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Women's Movement Page 5

International Women's Day


The first International Women's Day (IWD) was celebrated on 19 March 1911 in Germany and Austria to agitate to women's suffrage. In Australia the first celebration was a march in Melbourne on 8 March 1931 and the first committee was formed in Sydney in 1936. In South Australia the first committee was formed in 1938 but the first celebrations were not held until after World War II when an event was held at the Adelaide Town Hall in 1946. The first IWD march in Adelaide occurred in on March 12 1972.

The IWD Committee of SA Inc., organises the annual Luncheon, but it is the IWD Collective, a separate group, that organises the rally, march and festival, and UNIFEM that has organised the IWD Breakfast since the early 1990s. Although each group is distinct they work  work co-operatively supporting each other's functions, their events being featured in the special Calendar produced each year by the Office for Women.

At the IWD luncheon the IWD Committee presents awards such as the Irene Bell Award, the Irene Krastev Award, the Barbara Polkinghorne Award and the Gladys Elphick Award to women and groups who have demonstrated community spirit and work.

Women's Electoral Lobby (WEL)

WEL is a national independent political organisation dedicated to creating a society where women's participation and potential are unrestricted, acknowledged and respected and where women and men share equally in society's responsibilities and rewards.

The Women's Electoral Lobby (South Australia) was formed prior to the federal election in July 1972, with the aim of raising women's participation and awareness of the electoral process and issues important to women.

The first public meeting was held in the Unley Town Hall on 4 October 1972 to hear the candidates for Boothby, Anne Levy, John McLeay and Richard Llewellyn, speak. Other early meetings were held at Bloor House, The Women's Liberation Centre and activities expanded quickly to cover issues such as fertility choice, women and advertising, child care, and discrimination against women.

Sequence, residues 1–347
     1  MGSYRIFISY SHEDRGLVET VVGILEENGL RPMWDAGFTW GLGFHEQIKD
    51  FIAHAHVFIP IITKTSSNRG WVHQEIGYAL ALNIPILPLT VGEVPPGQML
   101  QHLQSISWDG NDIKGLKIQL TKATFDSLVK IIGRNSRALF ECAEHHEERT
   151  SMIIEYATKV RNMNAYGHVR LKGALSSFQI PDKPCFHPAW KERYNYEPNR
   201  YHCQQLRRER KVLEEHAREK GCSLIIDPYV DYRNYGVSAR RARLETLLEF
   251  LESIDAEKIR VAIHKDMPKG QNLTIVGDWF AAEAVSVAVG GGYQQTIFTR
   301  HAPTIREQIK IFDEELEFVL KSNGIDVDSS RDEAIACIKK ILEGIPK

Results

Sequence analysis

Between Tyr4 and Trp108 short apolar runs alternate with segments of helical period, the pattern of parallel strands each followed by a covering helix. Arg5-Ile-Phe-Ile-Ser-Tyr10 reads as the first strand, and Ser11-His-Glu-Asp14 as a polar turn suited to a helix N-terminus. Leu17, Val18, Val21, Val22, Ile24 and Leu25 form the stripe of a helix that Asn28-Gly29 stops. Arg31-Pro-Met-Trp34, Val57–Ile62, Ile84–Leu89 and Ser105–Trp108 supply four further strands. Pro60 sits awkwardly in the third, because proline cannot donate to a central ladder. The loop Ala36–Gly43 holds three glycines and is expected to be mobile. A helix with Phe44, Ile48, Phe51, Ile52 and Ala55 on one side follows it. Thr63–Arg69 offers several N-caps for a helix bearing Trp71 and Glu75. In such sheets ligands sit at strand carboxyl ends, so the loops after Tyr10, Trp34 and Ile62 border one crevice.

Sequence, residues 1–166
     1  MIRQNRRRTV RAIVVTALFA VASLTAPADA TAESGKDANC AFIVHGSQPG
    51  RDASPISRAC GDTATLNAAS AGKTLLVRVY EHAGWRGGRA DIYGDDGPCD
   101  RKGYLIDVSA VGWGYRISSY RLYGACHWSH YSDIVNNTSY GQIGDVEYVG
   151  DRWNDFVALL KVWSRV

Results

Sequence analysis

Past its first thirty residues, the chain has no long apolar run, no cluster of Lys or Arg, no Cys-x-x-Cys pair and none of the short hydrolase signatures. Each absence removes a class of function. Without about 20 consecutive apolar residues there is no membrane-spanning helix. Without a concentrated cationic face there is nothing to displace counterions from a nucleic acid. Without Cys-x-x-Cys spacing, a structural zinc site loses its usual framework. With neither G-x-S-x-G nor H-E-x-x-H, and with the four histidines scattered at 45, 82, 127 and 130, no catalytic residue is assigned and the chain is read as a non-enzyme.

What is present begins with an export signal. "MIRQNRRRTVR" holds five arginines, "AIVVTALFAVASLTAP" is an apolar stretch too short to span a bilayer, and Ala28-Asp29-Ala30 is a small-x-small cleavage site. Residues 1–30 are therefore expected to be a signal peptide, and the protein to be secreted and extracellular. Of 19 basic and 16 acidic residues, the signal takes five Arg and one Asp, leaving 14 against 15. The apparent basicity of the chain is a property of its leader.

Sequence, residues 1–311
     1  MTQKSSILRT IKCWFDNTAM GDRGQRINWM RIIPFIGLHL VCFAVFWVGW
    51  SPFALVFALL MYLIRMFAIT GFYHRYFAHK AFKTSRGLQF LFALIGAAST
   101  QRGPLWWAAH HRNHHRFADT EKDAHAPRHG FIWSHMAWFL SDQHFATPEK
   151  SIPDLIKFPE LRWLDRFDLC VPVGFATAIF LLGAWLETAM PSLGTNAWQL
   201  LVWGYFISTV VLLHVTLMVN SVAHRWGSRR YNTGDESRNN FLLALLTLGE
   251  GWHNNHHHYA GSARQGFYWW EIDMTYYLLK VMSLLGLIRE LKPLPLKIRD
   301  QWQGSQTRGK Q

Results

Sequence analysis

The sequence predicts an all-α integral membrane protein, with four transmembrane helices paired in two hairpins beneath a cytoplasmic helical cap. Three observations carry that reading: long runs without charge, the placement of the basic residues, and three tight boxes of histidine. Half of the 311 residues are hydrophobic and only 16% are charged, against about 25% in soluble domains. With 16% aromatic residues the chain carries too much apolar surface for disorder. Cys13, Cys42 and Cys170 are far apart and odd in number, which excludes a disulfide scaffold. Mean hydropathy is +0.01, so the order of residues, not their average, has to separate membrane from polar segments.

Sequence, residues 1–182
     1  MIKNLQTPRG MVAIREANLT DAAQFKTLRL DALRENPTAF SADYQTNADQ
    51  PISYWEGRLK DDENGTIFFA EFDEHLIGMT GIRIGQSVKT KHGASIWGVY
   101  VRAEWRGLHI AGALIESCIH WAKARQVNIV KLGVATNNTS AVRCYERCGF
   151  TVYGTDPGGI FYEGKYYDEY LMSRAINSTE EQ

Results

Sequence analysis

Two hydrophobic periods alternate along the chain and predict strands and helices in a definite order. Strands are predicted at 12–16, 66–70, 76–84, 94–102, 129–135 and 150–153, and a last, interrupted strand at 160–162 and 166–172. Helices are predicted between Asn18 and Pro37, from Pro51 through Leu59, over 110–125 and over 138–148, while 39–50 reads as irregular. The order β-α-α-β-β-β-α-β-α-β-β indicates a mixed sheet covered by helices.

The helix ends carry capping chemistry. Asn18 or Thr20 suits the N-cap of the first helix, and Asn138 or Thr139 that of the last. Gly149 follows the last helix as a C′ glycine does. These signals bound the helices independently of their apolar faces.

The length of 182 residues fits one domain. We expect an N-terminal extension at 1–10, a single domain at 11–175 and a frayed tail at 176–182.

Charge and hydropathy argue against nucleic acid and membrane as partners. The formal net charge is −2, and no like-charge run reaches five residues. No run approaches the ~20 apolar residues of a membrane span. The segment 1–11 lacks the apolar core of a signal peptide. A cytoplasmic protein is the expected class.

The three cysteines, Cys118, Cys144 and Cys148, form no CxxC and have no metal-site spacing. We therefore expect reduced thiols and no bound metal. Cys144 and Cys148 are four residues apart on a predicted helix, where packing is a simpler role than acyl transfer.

In December 1972 the first WEL (SA) Newsletter was published to keep members informed of WEL activities, and it continues to be published several times a year.  

The first Annual General Meeting was held on the 31st July 1973 at Bloor House and was attended by 55 women. The announcement of 1975 as the International Women's Year gave WEL added impetus, activities and media attention. Issues addressed continued to be diverse and numerous, members writting submissions to federal, state and local government on issues as diverse as the Vietnam War, pollution of the Murray River, the rights of mental health patients, and the establishment of a Women's Centre at St. Peters.

In February 1979 WEL (SA) organised the WEL National Conference, held over three days at Lincoln College, it included workshops on family law, welfare and health, the environment, education and women, power and information.

In 1980 WEL (SA) joined with other women's groups to organise the first Reclaim the Night march in South Australia.  The first march internationally had been in Rome in 1976 to protest sexual violence against women and children. The concept quickly spread around the world and the first Australian march was in 1978. On the evening of Friday 27 February 1981 several hundred women marched from Light Square down Hindley Street to Rundle Mall.

Women's Electoral Lobby continues to meet regularly in South Australia, publish it's newsletter, WEL Read, and advocate for women in all areas of society and politics. http://www.wel.org.au/index.php/south-australia/

"Suitcase Parade" of women opposed to changes to six o'
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"Votes for women" more in the air than ever
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Abortion in SA legalised
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Candidate for Parliament
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Catherine Helen Spence
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Catherine Helen Spence and Helen Brodie Spence
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Catherine Helen Spence, 1825-1905 : this for rememberan
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Certificate of Membership
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Certificate of membership, verso
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Eliza Davies
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Elizabeth Scarce and members of the International Women
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Feminist governor
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